Insect Farms are Scaling Up—and Crossing the Atlantic—in a Play for Sustainable Protein

Insect Farms are Scaling Up—and Crossing the Atlantic—in a Play for Sustainable Protein

When raised in indoor farms, black soldier flies (BSF) only mate when the lights are on. Each female lays 500 eggs and once hatched, the larvae also have a sort of Goldilocks complex and prefer just the right amount of warmth and humidity.

But when it comes to their diet, the little maggots are not picky. They crunch through all the food waste, consuming twice their body mass on a daily basis. When they are full, they crawl up the sides of their rearing containers to a high, clean spot, a behavior entomologists enthusiastically refer to as “self-harvesting.”

What insect breeders collect is valuable biomass, which contains up to 40 percent protein and 30 percent fat. And all in about two weeks.

Now some leading European insect farming companies are looking to expand the possibilities of converting this biomass into feed for fish, livestock and pets by expanding into the US. These companies run high-tech commercial operations in France and the Netherlands. and they’re coming to America amid a bevy of multi-year deals and big investments, such as the $250 million that Paris-based InnovaFeed raised in September.

However, the magnet pulling them across the Atlantic is not a market with 335 million people. It’s America’s trash. Instead of smoldering in landfills, the byproducts of the vast US farming system can be given a second life — as food for insects.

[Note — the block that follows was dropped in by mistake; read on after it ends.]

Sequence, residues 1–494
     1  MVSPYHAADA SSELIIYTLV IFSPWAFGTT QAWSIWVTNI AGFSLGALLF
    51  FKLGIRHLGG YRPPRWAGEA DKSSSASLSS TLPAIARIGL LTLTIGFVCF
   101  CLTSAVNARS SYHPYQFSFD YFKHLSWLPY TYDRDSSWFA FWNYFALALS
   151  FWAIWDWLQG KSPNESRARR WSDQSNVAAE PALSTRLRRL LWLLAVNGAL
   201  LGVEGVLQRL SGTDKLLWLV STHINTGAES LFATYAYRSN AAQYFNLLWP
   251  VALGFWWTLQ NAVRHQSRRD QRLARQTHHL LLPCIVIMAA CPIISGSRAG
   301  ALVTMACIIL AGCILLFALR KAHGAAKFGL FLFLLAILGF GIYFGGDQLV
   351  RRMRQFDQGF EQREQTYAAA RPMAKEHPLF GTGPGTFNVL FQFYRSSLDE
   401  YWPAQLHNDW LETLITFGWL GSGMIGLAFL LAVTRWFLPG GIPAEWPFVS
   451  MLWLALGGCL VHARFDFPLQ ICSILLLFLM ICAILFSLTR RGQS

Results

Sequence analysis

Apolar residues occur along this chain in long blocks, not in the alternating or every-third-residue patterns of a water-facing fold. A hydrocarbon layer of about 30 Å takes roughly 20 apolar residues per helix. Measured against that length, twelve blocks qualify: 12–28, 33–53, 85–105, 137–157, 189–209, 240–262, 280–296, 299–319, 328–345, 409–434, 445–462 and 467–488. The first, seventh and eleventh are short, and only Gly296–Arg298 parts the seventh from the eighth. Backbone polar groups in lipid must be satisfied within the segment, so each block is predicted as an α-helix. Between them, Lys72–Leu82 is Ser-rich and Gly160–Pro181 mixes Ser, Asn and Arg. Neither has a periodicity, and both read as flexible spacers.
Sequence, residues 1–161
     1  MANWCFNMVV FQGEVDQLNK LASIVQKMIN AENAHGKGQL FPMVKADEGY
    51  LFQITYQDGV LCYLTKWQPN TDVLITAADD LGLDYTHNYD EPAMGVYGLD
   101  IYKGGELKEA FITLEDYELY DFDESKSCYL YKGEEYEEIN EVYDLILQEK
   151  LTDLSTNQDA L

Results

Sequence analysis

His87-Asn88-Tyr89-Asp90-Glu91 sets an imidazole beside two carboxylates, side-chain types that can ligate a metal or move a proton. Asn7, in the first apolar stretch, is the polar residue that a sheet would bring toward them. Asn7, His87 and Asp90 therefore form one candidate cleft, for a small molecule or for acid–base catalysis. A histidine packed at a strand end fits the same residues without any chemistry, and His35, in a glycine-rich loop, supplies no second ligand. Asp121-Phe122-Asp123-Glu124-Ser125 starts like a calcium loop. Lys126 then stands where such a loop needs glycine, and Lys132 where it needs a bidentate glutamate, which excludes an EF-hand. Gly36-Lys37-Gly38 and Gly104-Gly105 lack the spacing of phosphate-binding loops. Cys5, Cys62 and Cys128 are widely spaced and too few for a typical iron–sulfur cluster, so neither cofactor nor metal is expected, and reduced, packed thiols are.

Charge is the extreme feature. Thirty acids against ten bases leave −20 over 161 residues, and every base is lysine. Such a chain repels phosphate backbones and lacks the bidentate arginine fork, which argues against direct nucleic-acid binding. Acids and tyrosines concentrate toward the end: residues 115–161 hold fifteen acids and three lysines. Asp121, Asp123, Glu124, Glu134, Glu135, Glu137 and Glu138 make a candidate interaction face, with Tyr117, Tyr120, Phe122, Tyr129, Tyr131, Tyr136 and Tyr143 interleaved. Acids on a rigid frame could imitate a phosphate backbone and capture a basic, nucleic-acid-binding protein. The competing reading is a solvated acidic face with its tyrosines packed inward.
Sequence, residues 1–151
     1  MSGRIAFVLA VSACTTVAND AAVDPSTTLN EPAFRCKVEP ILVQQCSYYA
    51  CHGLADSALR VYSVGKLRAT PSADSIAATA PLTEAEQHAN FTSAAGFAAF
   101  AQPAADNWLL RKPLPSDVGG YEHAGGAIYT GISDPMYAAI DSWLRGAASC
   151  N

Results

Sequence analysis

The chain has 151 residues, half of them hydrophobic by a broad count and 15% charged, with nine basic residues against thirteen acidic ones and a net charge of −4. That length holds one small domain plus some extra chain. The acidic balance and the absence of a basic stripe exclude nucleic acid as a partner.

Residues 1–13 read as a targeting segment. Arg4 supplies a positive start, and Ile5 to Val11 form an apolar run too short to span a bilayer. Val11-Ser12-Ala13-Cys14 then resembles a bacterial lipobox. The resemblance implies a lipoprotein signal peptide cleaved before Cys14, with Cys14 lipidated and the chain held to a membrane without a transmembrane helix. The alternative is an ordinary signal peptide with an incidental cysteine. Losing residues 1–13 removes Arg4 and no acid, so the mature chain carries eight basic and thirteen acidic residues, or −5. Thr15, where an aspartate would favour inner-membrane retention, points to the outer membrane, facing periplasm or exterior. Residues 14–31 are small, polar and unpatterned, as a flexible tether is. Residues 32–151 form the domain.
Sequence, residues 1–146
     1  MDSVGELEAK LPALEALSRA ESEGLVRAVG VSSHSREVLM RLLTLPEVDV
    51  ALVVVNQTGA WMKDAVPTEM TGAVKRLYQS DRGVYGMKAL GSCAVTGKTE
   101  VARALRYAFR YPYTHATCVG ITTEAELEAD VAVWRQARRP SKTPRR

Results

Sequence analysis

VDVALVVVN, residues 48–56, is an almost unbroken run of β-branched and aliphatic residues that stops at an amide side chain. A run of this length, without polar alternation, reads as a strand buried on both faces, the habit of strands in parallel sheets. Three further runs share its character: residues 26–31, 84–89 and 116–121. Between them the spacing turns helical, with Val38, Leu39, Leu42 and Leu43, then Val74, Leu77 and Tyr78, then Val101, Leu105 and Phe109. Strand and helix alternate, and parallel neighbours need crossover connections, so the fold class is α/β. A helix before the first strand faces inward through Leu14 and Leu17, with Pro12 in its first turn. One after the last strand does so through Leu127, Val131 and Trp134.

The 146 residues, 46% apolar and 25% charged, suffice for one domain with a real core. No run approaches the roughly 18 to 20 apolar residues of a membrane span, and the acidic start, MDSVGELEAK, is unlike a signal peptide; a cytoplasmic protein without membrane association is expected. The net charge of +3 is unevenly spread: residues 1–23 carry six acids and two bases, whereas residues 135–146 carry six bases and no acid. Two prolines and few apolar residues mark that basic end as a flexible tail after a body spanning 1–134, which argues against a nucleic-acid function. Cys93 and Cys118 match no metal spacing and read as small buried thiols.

“We’re more interested in access to the feedstock than the market,” Maye Walraven, the newly appointed managing director of Innovafeed’s US venture, said on a recent phone call while in a taxi to O’Hare Airport on her way back to Paris . InnovaFeed is on track to break ground in Decatur, Illinois in January — just “over the fence” of the world’s largest corn processing complex, owned by Archer Daniels Midland (ADM).

“We risk creating an industry that substitutes one environmental problem for another, as was the case with biofuels,” where the promise of plant-based fuels has been thwarted by the realities of land, water and fertilizer use.

But while some see the black soldier fly as a more sustainable ingredient for aquaculture and animal feed — compared to soy and fishmeal — concerns about high energy use continue to hover over the rapidly developing insect production industry.

“Are we going to use fossil fuels to heat and cool the facilities where insects are raised? What about the transportation?” asked Åsa Berggren in an interview with the Thomson Reuters Foundation after a 2019 article in Trends in Ecology & Evolution that spotlighted unanswered questions about the right species to grow, forage options, use of insect waste and more.

Berggren, a professor of ecology at Sweden’s University of Agricultural Sciences, and her colleagues called for more research and an “empirical measure of environmental impact and the sustainability of production,” saying they are “crucial” for the burgeoning industry.

“Otherwise we risk creating an industry that substitutes one environmental problem for another, as was the case with biofuels,” where the promise of plant-based fuels has been thwarted by the realities of land, water and fertilizer use, she added added.